Although establishing the BJ Sports cross-country skiing brand would prove to be difficult, in 2001, Swiss-based Odlo acquired the rights to produce clothing with the Dæhlie logo, allegedly making the former skier some NKr12 million from the sale. In 2007, he found new partners in the Møller Group investment company Katalysator. However, the financial crisis hit them hard, and, in 2009, the clothing brand had a turnover of only NKr56 million, and suffered a pre-tax loss of NKr4.3 million.
‘We had a choice – give up, or spend millions on marketing’
“Those were some really tough years. We lost out by not having an established position in the market. To build the brand we needed to invest money we really didn’t have, as we were making a loss. We had a choice – give up, or spend millions on marketing. Then, the catch-up effect happened. You’re not getting anywhere, then suddenly everything comes together,” Dæhlie says, seeing similarities between top level sports and enterprise when it comes to establishing proper structures around yourself.
“You didn’t win on your own in your sport, either. If you had the best ski waxer and the best coach, you would eventually do well. Skilled people coming together in the right way. It’s partly luck, partly correct decision-making, hard work and having a good team. If most of the decisions you make are the right ones, you can afford to make the odd mistake.”
In 2011, Active Brands, whose brand portfolio includes Johaug, Kari Traa, Sweet Protection, Åsnes and Bula, bought BJ Sport AS for around NKr70 million.
“The brand had the right associations and big potential. It was solid and genuine. Many organizations and personalities have their own brands. However, not many can measure up to Dæhlie. He’s extremely dedicated and goal-oriented. A winner who demands the best from himself and everyone around him, both in sports and business,” says Øystein Bråta, Managing Director Nordic of Active Brands.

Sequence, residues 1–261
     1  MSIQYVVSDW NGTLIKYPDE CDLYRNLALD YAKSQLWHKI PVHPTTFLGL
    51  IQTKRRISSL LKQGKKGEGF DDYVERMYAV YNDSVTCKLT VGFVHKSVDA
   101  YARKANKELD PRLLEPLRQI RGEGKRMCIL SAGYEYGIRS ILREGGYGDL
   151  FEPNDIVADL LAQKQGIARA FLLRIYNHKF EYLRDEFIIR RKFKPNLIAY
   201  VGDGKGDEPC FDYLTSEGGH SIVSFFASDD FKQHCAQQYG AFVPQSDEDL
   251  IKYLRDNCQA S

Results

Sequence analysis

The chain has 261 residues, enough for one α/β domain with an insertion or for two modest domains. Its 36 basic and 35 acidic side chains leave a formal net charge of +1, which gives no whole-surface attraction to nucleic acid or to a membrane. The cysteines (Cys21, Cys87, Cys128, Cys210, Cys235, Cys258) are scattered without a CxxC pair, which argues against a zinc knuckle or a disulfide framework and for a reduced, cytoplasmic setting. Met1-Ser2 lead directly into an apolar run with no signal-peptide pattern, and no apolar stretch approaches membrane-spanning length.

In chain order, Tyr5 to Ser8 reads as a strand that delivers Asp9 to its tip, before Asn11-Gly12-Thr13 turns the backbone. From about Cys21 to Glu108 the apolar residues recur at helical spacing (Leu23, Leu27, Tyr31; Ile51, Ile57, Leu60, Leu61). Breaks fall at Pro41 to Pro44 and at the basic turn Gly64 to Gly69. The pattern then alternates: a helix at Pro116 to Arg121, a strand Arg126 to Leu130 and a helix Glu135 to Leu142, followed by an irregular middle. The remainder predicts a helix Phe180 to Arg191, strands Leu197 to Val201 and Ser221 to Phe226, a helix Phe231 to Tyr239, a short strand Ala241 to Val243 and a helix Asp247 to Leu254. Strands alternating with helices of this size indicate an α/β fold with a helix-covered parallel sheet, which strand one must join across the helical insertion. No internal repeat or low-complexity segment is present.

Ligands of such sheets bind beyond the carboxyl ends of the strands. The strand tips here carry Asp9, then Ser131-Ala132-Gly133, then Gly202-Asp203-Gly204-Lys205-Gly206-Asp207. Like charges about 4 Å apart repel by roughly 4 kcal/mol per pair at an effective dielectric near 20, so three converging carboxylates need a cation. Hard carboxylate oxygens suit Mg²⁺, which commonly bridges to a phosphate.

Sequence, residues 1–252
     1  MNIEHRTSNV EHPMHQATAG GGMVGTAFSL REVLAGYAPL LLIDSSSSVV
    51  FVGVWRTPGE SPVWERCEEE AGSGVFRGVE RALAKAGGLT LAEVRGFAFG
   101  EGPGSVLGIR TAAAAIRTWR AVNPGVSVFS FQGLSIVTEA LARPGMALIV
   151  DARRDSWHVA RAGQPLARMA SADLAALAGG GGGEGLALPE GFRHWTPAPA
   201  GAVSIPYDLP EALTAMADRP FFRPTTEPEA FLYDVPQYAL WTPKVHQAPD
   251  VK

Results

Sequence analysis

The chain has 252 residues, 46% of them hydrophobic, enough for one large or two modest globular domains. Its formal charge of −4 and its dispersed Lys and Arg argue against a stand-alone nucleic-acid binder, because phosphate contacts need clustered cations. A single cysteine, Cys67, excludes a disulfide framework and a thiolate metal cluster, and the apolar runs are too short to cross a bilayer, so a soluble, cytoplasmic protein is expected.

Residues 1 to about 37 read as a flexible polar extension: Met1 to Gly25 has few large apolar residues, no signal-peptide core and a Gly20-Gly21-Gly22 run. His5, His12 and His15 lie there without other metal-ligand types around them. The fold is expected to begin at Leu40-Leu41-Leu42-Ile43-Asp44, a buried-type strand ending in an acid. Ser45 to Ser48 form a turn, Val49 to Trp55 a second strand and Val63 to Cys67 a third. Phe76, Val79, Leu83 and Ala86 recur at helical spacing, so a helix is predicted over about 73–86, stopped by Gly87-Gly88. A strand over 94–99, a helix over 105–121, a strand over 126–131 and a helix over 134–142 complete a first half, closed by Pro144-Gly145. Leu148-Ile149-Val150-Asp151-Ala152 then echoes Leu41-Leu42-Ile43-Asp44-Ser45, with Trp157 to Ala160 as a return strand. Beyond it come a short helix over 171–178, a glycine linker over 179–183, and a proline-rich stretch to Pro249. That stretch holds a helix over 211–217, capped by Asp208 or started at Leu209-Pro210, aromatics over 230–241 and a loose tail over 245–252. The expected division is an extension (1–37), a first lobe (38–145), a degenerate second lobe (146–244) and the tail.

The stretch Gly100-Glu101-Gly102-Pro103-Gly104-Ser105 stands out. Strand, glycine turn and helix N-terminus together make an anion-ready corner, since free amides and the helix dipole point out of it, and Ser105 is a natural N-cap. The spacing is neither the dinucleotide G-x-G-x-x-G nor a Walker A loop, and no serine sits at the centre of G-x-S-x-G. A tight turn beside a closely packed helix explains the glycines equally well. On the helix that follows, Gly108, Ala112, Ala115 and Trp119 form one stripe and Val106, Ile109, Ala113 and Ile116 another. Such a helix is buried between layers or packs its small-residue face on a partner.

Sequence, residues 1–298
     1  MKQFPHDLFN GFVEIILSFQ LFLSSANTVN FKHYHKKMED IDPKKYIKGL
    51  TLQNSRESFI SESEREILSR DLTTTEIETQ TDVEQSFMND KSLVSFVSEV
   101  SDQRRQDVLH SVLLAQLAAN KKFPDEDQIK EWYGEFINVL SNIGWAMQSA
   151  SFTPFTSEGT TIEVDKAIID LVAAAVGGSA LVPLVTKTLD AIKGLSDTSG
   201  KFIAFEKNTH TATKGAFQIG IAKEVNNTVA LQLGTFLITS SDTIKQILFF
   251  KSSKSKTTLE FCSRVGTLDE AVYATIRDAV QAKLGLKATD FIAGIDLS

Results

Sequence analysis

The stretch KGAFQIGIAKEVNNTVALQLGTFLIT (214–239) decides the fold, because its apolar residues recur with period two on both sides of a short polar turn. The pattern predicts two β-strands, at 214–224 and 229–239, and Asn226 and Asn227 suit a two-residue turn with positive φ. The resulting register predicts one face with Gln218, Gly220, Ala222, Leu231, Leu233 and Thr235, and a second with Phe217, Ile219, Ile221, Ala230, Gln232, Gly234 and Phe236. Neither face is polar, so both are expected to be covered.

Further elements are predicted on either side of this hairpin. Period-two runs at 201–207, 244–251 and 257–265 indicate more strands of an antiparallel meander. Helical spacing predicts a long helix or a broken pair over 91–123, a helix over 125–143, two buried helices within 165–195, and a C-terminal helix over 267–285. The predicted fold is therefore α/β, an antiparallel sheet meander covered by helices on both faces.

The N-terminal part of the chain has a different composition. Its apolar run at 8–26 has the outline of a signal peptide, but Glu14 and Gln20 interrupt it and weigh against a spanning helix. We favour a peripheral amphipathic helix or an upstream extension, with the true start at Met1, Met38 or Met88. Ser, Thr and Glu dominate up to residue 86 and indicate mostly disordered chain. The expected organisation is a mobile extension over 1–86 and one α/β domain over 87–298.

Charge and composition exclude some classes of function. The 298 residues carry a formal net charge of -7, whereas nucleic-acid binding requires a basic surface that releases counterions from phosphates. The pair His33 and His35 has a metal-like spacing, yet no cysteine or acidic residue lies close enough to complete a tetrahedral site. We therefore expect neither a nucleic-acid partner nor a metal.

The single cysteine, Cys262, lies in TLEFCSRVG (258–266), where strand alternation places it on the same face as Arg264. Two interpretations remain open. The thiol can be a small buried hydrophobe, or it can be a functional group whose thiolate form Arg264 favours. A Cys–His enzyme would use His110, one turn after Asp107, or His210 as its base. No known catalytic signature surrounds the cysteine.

‘Turnover has doubled over the last three years’
In Spring 2013, the brand secured a wide-ranging contract with the Norwegian ski team, which ran up to the 2018 Olympic Games season and with the option to extend. In 2016, it was renamed “Dæhlie.”
“Turnover has doubled over the past three years, and “Dæhlie” is represented in 15 countries and worldwide via online sales,” Bråta says.
Even though Dæhlie’s biggest private investments are in property, the clothing brand has a special place in the former skier’s heart.
“It means a great deal to me that the clothing collection has survived in an extremely demanding sector. And that they’ve been able to prioritize putting much of the income back into the Norwegian Ski Federation, being the main sponsor. I’m in contact with today’s skiers, and it’s great to be able to give something back to where you came from.”